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The baby, "Sol", is doing very well. I decided to raise it in a closed chamber at high humidity as I do radiata. So far so good. I am hoping this will begin to ease our concerns about this species being able to handle high-humidity conditions. My current experiences, combined with the experiences of others, would strongly suggest that the issues many have experienced with wild caught specimens does not translate to captive bred.
 

wccmog10

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The baby, "Sol", is doing very well. I decided to raise it in a closed chamber at high humidity as I do radiata. So far so good. I am hoping this will begin to ease our concerns about this species being able to handle high-humidity conditions. My current experiences, combined with the experiences of others, would strongly suggest that the issues many have experienced with wild caught specimens does not translate to captive bred.
I ultimately do not have much experience evaluating the differences between captive bred and WC leopards. But from what I’ve heard second hand- from shall we say “people older than me” (I believe he is in his 70s)- is that WC leopards do poorly with the humidity here in the southeast. But captive bred individuals who are raised in these conditions don’t show any adverse effects.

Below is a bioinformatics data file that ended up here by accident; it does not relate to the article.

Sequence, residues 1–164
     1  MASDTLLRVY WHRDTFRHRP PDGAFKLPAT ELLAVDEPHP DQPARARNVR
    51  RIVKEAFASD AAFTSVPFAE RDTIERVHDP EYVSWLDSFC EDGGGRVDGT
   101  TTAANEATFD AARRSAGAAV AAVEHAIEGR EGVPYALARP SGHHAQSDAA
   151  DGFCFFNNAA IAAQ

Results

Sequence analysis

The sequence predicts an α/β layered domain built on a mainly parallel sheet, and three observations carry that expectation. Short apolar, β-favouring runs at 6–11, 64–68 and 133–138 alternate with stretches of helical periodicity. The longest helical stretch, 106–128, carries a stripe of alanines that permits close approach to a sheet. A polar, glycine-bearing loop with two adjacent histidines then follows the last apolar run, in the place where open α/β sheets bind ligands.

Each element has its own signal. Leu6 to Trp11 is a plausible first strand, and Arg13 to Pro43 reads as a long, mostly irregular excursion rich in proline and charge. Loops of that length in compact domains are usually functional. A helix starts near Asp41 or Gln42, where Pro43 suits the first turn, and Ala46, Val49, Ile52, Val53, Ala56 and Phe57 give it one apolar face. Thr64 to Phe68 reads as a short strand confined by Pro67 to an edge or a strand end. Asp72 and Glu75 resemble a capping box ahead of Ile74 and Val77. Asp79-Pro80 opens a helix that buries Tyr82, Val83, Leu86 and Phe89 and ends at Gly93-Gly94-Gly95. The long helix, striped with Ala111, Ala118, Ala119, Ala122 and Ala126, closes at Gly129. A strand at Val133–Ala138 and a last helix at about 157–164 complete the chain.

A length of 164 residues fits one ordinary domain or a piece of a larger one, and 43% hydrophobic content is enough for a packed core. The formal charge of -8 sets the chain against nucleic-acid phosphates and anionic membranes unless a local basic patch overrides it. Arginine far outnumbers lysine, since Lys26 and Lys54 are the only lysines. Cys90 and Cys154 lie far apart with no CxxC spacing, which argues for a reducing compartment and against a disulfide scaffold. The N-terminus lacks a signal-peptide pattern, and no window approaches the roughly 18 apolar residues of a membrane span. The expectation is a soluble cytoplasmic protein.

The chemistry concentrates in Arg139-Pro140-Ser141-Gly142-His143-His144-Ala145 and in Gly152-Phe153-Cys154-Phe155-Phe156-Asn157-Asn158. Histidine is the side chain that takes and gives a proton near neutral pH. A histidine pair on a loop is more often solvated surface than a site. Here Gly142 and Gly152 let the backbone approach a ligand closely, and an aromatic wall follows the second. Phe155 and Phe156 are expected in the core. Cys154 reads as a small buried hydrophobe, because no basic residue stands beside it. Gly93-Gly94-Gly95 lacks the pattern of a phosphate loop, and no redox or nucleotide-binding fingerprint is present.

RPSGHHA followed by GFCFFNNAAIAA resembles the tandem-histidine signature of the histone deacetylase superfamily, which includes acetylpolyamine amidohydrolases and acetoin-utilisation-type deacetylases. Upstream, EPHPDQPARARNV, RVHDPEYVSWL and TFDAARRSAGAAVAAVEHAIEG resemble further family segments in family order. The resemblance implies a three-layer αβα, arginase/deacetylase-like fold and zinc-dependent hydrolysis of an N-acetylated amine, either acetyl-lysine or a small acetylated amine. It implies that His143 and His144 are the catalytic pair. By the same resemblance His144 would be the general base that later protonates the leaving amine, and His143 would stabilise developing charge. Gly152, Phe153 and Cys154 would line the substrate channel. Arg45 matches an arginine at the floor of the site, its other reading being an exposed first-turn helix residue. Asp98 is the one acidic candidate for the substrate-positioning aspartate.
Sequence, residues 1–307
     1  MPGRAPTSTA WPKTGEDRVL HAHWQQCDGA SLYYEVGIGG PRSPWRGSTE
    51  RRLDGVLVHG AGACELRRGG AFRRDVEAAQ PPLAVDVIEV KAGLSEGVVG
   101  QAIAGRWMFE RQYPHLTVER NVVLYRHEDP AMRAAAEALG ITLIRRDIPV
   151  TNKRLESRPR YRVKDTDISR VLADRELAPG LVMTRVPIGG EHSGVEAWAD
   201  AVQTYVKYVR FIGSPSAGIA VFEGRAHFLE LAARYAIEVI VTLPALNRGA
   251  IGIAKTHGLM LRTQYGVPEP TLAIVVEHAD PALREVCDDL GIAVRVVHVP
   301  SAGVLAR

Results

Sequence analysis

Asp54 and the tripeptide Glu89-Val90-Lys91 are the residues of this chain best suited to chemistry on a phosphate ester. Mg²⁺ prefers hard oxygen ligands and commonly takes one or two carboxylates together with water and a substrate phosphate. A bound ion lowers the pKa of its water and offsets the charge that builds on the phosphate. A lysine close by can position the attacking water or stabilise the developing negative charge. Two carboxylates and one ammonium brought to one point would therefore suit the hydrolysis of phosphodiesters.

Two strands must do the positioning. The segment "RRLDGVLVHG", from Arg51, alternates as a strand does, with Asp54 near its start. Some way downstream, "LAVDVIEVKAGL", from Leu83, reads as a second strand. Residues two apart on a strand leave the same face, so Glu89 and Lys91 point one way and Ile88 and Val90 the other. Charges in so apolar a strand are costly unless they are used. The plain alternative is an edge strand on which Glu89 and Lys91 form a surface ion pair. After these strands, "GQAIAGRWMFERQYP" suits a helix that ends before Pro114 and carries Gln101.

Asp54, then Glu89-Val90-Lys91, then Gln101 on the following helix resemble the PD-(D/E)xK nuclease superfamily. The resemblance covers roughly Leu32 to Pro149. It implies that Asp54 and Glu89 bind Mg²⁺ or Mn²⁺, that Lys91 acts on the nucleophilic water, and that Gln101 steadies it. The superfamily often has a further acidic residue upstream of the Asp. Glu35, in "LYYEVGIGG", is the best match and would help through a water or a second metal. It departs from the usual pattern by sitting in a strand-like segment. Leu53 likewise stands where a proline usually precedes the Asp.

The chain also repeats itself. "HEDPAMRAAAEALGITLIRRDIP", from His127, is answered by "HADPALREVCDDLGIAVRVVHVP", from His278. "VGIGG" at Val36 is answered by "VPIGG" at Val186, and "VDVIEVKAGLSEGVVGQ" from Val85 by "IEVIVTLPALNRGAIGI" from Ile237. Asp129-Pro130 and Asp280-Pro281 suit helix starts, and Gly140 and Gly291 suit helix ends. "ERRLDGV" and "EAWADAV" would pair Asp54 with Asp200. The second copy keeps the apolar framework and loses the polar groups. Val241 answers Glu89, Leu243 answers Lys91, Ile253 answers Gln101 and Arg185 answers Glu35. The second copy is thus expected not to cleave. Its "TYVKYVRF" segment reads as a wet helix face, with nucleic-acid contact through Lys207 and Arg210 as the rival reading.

I know we are talking about angulata, not leopards. But there are not exactly a bunch of captive bred angulata to use as an example, so I thought I would comment.
 

Sterant

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I ultimately do not have much experience evaluating the differences between captive bred and WC leopards. But from what I’ve heard second hand- from shall we say “people older than me” (I believe he is in his 70s)- is that WC leopards do poorly with the humidity here in the southeast. But captive bred individuals who are raised in these conditions don’t show any adverse effects.

I know we are talking about angulata, not leopards. But there are not exactly a bunch of captive bred angulata to use as an example, so I thought I would comment.
Could be multiple factors. In the case of WC Angulates, It seems to be naturally occurring, though pathogenic, bacteria and parasites that are kept under control in the wild through diet and seasonal changes, but when they go through the stress of capture, transport, new diet, new climate - the stress is too much and they succumb to these pathogens. I have tested WC angulates and found a number of bacterial loads as well as nematodes. If they are not treated for all of this prior to showing symptoms, they can go down hill quickly. In fact most WC angulates don't survive long in captivity. Even fewer thrive and reproduce.